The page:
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Bhaktivinoda Thakura

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Title: Bhaktivinoda Thakura  
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Subject: Krishna, Chaitanya Mahaprabhu, Crispian Mills, Bhaktivinoda Thakur, Chaitanya Charitamrita, Gaudiya Math, List of converts to Hinduism
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Bhaktivinoda Thakura

Srila Bhaktivinoda Thakur (September 2, 1838 – June 23, 1914), a prominent figure among the Gaudiya Vaishnavas of Bengal, was born Kedarnath Datta in the town of Birnagar, Bengal, India. He was the son of Raja Krsnananda Datta and Jagat Mohini Devi. Professionally, he was a High Court judge in Jagannath Puri in Odisha.[1]

Bhaktivinoda married and had several children, including Bimal Prasad ( later Bhaktisiddhanta Sarasvati Thakura), the founder of the Gaudiya Math and the guru of A. C. Bhaktivedanta Swami Prabhupada. ) Bhaktivinoda was also the father, as well as the initiating guru, of Lalita Prasad Thakur. The two brothers had substantial disagreements on how their father's spiritual heritage was to carry on, Bimal Prasad more inclined for preaching and the establishment of Varnashrama-dharma, Lalita Prasad more inclined for the esoteric mode of raganuga-worship.

He revived the Sankirtan Movement started by Chaitanya Mahaprabhu.

Bhaktivinoda was among the first Vaishnava scholars to present the teachings of Caitanya Mahaprabhu and the principles of Gaudiya Vaishnava Theology to the English speaking world.

Bhaktivinoda took initiation (diksha) from Bipin Bihari Goswami,[2] a descendant of the family dynasty of Vamsivadananda Thakur, a companion of Sri Chaitanya Mahaprabhu's, and an initiate in the lineage descending from Sri Jahnava Thakurani, the wife of close associate of Chaitanya Mahaprabhu, Nityananda. In his autobiography entitled Svalikhita-jivani, Bhaktivinoda narrates how he had long prayed for a suitable guru, and felt his prayers were responded to in a dream as Sri Chaitanya himself directed him to Bipin Bihari.[3]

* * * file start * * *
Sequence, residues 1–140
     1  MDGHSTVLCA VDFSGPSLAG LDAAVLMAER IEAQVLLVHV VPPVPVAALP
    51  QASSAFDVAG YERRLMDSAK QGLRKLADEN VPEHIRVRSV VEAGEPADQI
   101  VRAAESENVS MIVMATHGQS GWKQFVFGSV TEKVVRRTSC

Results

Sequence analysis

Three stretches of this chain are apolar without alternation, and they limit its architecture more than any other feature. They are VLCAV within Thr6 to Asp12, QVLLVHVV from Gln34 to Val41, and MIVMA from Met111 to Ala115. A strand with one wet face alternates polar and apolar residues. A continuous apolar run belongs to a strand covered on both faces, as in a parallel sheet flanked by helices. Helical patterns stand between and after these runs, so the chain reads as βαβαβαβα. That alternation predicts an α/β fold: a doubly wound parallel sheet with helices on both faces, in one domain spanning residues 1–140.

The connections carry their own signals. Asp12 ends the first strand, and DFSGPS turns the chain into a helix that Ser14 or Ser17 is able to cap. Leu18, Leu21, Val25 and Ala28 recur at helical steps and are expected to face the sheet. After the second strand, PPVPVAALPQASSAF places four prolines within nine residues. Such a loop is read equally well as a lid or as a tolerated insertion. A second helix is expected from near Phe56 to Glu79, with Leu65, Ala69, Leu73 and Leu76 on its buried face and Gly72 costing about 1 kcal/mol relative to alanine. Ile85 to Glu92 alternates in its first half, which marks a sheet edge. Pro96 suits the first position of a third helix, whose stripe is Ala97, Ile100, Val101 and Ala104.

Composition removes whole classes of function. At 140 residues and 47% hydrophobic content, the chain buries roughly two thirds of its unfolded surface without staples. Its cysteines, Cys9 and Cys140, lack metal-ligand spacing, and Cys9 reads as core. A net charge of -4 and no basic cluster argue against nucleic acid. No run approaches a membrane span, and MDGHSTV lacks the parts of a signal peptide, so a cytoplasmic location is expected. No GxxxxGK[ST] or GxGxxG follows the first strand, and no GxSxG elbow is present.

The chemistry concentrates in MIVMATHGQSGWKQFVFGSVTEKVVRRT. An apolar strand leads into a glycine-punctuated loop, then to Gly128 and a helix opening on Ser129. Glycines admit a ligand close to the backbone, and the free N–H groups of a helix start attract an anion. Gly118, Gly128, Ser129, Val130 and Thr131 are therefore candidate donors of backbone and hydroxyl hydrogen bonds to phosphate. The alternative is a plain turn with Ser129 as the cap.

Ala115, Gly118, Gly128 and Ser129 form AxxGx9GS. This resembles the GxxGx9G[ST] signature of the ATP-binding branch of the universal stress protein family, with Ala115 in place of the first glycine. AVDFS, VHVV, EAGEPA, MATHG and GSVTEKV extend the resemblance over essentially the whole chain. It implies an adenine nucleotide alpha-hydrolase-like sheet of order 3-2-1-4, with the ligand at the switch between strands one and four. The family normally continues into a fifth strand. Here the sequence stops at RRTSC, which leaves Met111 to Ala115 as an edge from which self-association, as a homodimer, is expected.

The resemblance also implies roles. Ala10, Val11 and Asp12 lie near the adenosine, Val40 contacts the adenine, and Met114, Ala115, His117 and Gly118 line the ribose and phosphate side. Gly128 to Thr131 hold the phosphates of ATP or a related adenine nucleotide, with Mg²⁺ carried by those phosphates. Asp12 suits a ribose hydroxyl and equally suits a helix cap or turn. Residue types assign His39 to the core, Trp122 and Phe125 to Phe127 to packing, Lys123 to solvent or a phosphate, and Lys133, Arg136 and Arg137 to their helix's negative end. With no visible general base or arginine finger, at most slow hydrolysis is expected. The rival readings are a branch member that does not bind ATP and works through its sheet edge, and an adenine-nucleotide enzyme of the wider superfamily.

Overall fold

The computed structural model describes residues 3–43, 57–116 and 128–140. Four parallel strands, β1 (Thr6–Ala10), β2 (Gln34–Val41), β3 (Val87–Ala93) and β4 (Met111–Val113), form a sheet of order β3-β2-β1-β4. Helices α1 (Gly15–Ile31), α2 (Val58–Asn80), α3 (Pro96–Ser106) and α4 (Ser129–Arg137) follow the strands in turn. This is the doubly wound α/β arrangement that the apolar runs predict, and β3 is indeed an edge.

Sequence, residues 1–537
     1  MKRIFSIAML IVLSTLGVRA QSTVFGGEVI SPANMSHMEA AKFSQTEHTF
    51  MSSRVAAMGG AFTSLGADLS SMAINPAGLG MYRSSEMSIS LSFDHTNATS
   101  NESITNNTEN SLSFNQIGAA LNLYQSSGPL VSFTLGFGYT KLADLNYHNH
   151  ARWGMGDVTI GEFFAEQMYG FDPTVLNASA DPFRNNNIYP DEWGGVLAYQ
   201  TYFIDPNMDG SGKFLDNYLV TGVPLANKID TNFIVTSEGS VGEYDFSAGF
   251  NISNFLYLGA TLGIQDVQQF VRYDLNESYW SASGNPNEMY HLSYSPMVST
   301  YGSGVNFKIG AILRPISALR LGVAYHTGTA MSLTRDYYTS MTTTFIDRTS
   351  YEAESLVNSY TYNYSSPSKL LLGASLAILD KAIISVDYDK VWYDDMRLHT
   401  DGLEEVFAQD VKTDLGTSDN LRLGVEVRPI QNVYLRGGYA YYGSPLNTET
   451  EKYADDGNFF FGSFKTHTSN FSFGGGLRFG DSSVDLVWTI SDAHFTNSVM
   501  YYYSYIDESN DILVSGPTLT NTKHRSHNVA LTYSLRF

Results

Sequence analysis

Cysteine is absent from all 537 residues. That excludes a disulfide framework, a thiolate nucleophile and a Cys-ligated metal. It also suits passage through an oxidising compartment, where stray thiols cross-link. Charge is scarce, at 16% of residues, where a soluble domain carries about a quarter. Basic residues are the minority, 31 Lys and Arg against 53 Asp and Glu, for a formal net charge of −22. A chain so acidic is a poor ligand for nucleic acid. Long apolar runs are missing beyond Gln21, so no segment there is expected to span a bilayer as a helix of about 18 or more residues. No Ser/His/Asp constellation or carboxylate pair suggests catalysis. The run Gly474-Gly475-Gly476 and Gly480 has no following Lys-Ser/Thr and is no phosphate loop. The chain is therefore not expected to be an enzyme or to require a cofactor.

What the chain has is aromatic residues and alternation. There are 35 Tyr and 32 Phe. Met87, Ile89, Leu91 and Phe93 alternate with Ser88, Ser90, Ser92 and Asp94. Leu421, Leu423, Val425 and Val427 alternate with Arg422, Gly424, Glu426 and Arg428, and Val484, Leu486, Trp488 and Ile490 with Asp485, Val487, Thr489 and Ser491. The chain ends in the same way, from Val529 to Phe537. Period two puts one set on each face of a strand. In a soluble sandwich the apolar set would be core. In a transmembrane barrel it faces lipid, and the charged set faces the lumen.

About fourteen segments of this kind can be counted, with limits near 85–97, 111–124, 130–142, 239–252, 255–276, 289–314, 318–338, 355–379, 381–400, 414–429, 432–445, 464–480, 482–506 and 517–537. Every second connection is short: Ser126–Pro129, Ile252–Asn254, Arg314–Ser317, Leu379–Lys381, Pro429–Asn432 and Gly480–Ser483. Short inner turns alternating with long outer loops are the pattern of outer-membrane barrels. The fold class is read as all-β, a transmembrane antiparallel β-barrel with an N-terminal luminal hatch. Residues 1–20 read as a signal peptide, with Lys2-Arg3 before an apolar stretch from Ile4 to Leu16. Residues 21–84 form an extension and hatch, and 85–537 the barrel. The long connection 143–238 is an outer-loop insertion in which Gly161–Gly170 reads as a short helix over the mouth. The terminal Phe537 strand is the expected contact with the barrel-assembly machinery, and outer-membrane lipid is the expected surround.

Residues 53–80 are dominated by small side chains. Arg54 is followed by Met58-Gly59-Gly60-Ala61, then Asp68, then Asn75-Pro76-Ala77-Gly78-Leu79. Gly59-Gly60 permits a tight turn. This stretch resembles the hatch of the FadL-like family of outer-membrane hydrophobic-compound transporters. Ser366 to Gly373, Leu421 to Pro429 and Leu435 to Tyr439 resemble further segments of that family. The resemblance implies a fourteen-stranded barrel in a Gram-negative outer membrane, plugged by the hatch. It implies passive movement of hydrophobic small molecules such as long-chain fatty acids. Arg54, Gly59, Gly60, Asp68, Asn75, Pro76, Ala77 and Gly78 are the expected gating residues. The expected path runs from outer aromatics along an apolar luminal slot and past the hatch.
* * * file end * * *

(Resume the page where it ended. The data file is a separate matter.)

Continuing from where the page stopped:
From the very beginning of Chaitanya's bhakti movement in Bengal, Haridasa Thakur and others Muslim or Hindu by birth were the participants. It is said that this openness received a boost from Bhaktivinoda Thakura's broad-minded vision in the late 19th century and was institutionalized by Bhaktisiddhanta Sarasvati in his Gaudiya Matha in the 20th century.[4]

He predicted coming of the day when fortunate non-Indian Vaishnavas would perform Harinama Sankirtan in different cities of the world.[5] This prediction was fulfilled by A. C. Bhaktivedanta Swami Prabhupada.

Bhaktivinoda later accepted his siksa'guru as Srila Jagannatha dasa Babaji Maharaj, who is said to have lived for 135 years. Bhaktivinoda accepted the babaji vesh (cloth) in 1908 and adopted the lifestyle of a Vaishnava recluse. He continued to travel between Kolkata and Puri until 1910. Then he spent most of his time living quietly at home unable to travel much due to poor health until his death June 23, 1914. His remains were interred at Godruma, one of the nine islands of Navadwip.


Many Gaudiya followers believe that Thakura predictions laid the foundation of the worldwide spread of the bhakti yoga movement. He predicted the coming of the day when fortunate non-Indian Vaishnavas would perform Harinama Sankirtan in different cities of the world.[5]

In one of his articles entitled "From Moses to Mahaprabhu" he remarked:

It has been seen that any rasa that appears in India eventually spreads to the western countries, therefore madhurya rasa will soon be preached throughout the world. Just as the Sun first rises in India and gradually spreads its light to the West, the matchless splendor of spiritual truth appears first in India and gradually spreads to the Western countries.